I have one more Nashville-related story, and then I swear I’ll stop. (You didn’t think I could squeeze 5 blog posts out of one 4-day trip, didja? Consider yourself lucky that I ran out of disposable daylight hours before I could visit the Ryman Auditorium and Country Music Hall of Fame and Museum.) To be honest, though, the events described in the paragraphs below could have taken place anywhere, not just in Music City, and that’s more or less the point I’ll be making.
You often hear people say that there will never be another Beatles, or another Rolling Stones. Of course these claims are correct in the literal sense, but I think they’re also accurate in a more general way; it’s hard to imagine a group having that sort of massive cultural impact now that the musical landscape is so fragmented. I often wonder if any of bands that I adore now will be considered by my hypothetical grandchildren as part of some unified musical canon, or if the diffusion of listeners’ attention across a multitude of sub-genres means that there will be several different canons, each with its own revered membership. It’s a depressing thought in some ways, one that makes this Gen-Y’er feel like his favorite bands aren’t quite as important as they ought to be (or that they might have been 50 or 60 years ago).
But guess what? My glass-half-empty, future-phobic ranting ends there, because I believe, with every fiber in my being, that songs are as important as they ever have been, and that their import isn’t going anywhere. Even if my kids’ kids’ kids’ kids don’t know who the hell Journey was, I bet they’ll still be fist-pumping like idiots to “Don’t Stop Believing” at some dive-y lunar bar in 2162. That’s because truly great, canon-worthy songs transcend genres, nations, races, ages, even the people who wrote and performed them — they become a part of us. And I’m not speaking figuratively; they literally become part of our physiology by reorganizing the neural pathways in our brains to make singing along with the lyrics easier (this would be creepy if it wasn’t so awesome). So why do I bring this up now? Because events that took place in Nashville lead to me believe Old Crow Medicine Show’s “Wagon Wheel” is one of these transcendent songs.
A couple months back, I wrote about an epiphany I had that opened the door to a world that had previously seemed hopelessly walled-off. The epiphany went a little sumpin’ like this:
“…having a guy dressed as Beethoven in the balcony can’t exactly change the fact that the real guy died in 1827, but it does call attention to the fact that 4 people with instruments and some sheet music can bring a part of the German composer’s magnificently wired brain back to life, if only for the length of time it takes to play one of his works…”
Though I was talking about how Brooklyn Rider makes classical music accessible, the part about music providing an external, accessible image of a person’s consciousness is fascinating to me. And while every lyricist engages in this process by putting their thoughts to words, hearing Fiona Apple’s new song “Every Single Night” helped me realize that she’s in a class of her own in this respect.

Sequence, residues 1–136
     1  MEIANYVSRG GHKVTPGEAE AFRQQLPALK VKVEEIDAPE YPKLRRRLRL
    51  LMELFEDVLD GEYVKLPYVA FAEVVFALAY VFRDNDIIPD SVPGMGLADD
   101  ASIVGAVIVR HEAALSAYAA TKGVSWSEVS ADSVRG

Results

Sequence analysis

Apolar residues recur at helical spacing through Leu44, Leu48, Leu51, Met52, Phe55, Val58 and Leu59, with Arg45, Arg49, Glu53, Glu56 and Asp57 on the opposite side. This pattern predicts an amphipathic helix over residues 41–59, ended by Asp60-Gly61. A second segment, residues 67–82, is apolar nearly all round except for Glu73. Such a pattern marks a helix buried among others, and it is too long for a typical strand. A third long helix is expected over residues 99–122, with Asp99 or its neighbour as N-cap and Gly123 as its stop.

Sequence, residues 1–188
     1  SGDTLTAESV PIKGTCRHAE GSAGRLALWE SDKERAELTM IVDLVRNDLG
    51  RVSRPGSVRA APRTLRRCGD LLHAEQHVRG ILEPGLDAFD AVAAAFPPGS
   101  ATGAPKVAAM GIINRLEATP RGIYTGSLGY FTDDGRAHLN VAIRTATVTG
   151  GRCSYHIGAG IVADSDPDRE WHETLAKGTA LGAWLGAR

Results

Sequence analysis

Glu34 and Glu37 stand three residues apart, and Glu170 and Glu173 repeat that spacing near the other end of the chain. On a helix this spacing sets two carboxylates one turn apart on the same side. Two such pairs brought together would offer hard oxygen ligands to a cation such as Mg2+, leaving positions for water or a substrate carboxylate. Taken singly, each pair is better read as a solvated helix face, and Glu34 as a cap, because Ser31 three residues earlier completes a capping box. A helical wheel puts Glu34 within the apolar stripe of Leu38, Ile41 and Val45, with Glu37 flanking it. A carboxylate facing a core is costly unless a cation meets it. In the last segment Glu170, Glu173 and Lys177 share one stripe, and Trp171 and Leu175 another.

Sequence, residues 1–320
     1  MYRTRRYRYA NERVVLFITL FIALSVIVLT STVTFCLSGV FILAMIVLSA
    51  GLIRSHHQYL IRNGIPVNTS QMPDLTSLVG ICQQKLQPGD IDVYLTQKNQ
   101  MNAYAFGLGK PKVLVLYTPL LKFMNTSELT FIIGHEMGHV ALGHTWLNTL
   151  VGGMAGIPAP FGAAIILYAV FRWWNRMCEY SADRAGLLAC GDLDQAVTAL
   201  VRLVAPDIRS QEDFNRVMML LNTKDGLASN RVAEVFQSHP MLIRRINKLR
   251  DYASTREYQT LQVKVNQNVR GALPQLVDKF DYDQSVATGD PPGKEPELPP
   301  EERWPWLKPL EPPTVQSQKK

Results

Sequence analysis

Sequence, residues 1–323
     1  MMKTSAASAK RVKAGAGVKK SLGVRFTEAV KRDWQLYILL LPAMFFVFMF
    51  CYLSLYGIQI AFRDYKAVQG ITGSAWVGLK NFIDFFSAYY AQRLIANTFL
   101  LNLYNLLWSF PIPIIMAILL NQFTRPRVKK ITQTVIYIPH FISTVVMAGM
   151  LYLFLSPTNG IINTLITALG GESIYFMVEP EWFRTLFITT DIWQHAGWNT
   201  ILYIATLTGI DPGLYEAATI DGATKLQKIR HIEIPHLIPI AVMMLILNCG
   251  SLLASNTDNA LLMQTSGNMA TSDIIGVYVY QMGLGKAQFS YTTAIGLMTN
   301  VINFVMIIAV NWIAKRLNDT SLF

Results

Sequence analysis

You Hear That had its very first birthday over the weekend, and I want to offer a huge THANK YOU to all the wonderful people who have been reading, contributing, and commenting during the last 12 months. Whether you just started reading or have been following along for a while now, it means the world to me that you’re out there, somewhere, smiling at the same stuff that makes me smile. I’m super duper excited to jump into a second year of posting awesome music, tenuous analogies and stupid cat pictures, but before I do, I want to offer you a little something more than just words of thanks …
MERCH!!! As a gift to you wonderful people who make my blog world go round, I’m giving away a limited number* of YHT shirts! All you have to do is send an email to firstname.lastname@example.org with your name, address and preferred size and the merch fairy will drop a shirt on your doorstep. It’s that easy. Delivery time may vary, as the You Hear That Sweat Shop isn’t 100% operational yet (underage textile workers take FOREVER to train UGH), but rest assured, if your request comes in before supplies run out, your goodies are on the way. Now, I originally thought about leaving you with “Birthday” by the Beatles, but I’m pretty sure a Hunger Games hovercraft would appear out of the sky and extraordinarily render me to a remote prison in some ex-Soviet bloc country if I posted a Beatles song, so I’m leaving you with the next best thing — a reggae remix of “Birthday Sex” by Jeremih. Holla!
Jeremih — “Birthday Sex” (Reggae remix)
*How limited is this number? I haven’t quite figured that part out. Math isn’t my thing. If your request doesn’t make it in time, I’ll be sure to let you know so you’re not repeatedly coming home to dashed hopes.
Important Vinyl Update … The Artist: The Beatles. The Album: The Beatles (The White Album). The Store: Plan 9. The Price: $9.
My big sister Cary is the coolest person I know. From an early age, she had awesome taste in music, and was always willing to help me see the light. But of all the recommendations she’s given me over the years, I’m thankful for one above all others: the Beatles. Her Beatles obsession began in middle school, and while mine wouldn’t kick in until much later, she passed on an appreciation for their songs as sacred texts, along with a few of the Beatles posters that once covered her bedroom wall-to-wall. My vinyl collection also didn’t start until long after hers, and it was actually a story I heard on All Songs Considered while driving home for Thanksgiving that made me so eager to seek out my own copy of the White Album.